The Absurd Rise of $BONK Shows That Nobody Learned Anything In the Crypto Crash

Thought the days of doge-themed coins pumped on social media were done? Think again.
The Absurd Rise of $BONK Shows That Nobody Learned Anything In the Crypto Crash

Update: As of Friday, January 6, the price of $BONK has fallen more than 60% in 24 hours.

If you've been keeping up with the news around cryptocurrency over the past couple years—the rise and fall of hyped-up memecoins, the never-ending series of implosions and broken promises—you might think that a majority of investors have by now learned their lesson. People still invest in crypto, sure, but the days of doge-themed derivative coins pumped on social media with FOMO-stoking marketing and giveaways are done, right? Well, take a look at Twitter's trending topics and weep: $Bonk is taking over. 

Bonk is a doge-themed cryptocurrency on the Solana blockchain, and it launched in December, billing itself as being "for the people and by the people." Bonk's value has pumped 2,500% since its launch—1 Bonk is now worth $0.00000258—with the obligatory Forbes contributor article highlighting the rally. There are innumerable tweets from various projects and influencers advertising giveaways for Bonk in exchange for retweets and likes, NFT projects are integrating Bonk, and there are already several copycats of unclear trustworthiness promoting themselves as being a way to catch the Bonk hype wave if you missed it at launch—there's Bonk Max, Baby Bonk Inu, and Bong Inu. Bonk has no public face, and no official Telegram or Discord, just a Twitter account and a bare-bones website. As previously mentioned, "$Bonk" was a Twitter trending topic on Thursday.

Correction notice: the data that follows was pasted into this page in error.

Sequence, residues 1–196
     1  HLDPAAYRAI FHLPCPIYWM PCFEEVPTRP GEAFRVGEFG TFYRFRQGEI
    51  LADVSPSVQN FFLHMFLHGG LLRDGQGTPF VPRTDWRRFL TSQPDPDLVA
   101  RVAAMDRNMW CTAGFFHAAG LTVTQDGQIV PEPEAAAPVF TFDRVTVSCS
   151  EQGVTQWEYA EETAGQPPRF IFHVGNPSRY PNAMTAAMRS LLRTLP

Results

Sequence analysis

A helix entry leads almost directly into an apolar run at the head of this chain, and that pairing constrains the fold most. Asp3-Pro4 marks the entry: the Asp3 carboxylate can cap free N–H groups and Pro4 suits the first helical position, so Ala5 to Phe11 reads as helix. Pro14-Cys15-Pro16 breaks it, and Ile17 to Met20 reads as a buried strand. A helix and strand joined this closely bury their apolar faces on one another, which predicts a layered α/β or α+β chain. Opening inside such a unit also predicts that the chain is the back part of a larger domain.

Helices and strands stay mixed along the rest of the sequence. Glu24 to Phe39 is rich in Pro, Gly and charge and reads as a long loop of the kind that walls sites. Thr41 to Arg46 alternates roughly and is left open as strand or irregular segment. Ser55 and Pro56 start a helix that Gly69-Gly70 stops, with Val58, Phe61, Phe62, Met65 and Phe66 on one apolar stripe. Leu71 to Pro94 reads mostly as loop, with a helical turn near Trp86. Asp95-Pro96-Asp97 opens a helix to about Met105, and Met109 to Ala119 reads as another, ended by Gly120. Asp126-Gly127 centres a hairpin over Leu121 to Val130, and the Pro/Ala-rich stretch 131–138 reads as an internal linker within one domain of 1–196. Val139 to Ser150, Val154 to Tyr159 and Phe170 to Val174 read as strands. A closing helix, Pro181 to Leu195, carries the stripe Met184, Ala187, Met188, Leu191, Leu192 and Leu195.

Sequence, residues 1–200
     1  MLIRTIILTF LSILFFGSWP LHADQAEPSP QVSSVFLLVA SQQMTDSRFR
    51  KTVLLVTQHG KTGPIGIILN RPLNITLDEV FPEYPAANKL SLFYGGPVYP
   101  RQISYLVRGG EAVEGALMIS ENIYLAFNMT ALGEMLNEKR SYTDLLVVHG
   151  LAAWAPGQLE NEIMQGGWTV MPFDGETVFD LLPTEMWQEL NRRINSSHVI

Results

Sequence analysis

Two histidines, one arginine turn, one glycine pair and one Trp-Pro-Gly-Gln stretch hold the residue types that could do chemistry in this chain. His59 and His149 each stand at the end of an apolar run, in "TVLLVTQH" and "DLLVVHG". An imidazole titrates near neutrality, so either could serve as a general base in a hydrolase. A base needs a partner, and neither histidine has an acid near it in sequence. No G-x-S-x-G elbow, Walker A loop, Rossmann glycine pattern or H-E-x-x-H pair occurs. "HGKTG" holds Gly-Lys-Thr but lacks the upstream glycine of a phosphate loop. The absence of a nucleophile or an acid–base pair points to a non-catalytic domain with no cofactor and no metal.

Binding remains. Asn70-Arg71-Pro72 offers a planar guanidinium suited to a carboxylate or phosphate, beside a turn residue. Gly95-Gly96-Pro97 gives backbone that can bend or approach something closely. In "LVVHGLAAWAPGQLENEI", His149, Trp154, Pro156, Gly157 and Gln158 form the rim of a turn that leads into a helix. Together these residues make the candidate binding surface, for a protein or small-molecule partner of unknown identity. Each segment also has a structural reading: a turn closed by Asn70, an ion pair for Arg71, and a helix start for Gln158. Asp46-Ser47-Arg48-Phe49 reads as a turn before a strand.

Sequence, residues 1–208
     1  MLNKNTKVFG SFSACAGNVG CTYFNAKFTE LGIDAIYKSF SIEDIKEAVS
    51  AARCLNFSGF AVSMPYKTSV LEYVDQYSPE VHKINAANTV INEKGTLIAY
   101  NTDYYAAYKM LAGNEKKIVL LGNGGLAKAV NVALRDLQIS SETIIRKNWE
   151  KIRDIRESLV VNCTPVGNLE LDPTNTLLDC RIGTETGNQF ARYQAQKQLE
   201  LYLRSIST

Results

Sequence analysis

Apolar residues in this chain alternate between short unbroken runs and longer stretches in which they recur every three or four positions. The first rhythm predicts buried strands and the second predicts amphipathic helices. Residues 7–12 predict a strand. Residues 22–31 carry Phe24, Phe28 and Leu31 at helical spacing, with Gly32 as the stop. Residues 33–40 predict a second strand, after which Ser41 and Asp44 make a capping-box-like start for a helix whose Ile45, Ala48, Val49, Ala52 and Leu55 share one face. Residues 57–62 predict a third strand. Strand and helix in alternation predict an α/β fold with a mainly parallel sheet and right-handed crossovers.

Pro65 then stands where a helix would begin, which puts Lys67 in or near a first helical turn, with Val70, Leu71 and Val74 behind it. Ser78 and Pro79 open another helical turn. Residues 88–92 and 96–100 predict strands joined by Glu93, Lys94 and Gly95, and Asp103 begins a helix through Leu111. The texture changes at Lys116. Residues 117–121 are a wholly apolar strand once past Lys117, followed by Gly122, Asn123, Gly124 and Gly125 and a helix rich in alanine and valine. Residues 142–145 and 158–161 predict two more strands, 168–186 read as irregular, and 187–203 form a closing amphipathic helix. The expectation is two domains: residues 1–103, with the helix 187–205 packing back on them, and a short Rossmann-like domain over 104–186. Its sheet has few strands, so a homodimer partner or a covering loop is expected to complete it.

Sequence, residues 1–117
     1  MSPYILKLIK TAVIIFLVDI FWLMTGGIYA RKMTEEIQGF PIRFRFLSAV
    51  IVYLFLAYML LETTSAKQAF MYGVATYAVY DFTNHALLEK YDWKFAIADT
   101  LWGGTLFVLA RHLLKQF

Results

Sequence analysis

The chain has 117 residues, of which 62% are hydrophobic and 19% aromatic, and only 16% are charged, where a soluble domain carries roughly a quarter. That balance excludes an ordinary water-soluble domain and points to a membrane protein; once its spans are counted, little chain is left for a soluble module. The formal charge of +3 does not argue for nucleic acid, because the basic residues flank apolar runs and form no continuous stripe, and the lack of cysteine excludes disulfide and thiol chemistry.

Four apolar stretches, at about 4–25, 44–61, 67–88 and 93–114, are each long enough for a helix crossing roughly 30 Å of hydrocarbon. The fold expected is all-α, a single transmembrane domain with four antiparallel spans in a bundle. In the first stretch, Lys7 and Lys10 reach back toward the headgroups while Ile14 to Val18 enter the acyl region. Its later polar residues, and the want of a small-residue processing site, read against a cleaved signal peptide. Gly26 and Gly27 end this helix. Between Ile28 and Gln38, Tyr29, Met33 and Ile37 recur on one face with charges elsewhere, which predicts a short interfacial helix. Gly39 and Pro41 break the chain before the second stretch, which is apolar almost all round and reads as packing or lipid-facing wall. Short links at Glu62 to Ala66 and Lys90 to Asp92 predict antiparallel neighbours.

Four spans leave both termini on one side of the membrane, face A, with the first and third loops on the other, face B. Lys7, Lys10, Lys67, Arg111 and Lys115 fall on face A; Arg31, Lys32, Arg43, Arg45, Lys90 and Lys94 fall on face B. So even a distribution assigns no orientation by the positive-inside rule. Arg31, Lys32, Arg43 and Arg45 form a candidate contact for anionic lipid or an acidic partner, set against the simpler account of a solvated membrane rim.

Bonk has chiefly been a boon to Solana, which has struggled since the FTX collapse thanks to its associations with former CEO Sam Bankman-Fried. Half of all Bonk tokens were "airdropped"—or given away for free—to Solana NFT projects, blockchain developers, and various other early adopters, with a full 20% of tokens reserved for the Bonk team as well. With the token's rise in value due to outsiders buying in, these early no-cost holders have likely already made on-paper returns (Bonk claims that project contributors' compensation is on a vested 3-year schedule). 

This is all absurd. So far, Bonk is speedrunning what is by now a very familiar script, and there’s a nagging feeling that we’ve seen how similar stuff has ended many times before. For example, doge-themed memecoin Shiba Inu was a darling of crypto investors for much of 2021—some became on-paper billionaires—but has now lost over 90% of its value, with many investors left holding the bag. Airdropped community coins like $GAS and $SOS were once highly hyped, but the’ve since cratered by nearly 100%.

Putting aside any attempt at predicting the future of Bonk, investors could take on less risk if they tried crossing the Grand Canyon on a tightrope while holding a Shake Weight.

You don't need to be a crypto-genius to see what Bonk’s rise means: that nobody has learned anything at all.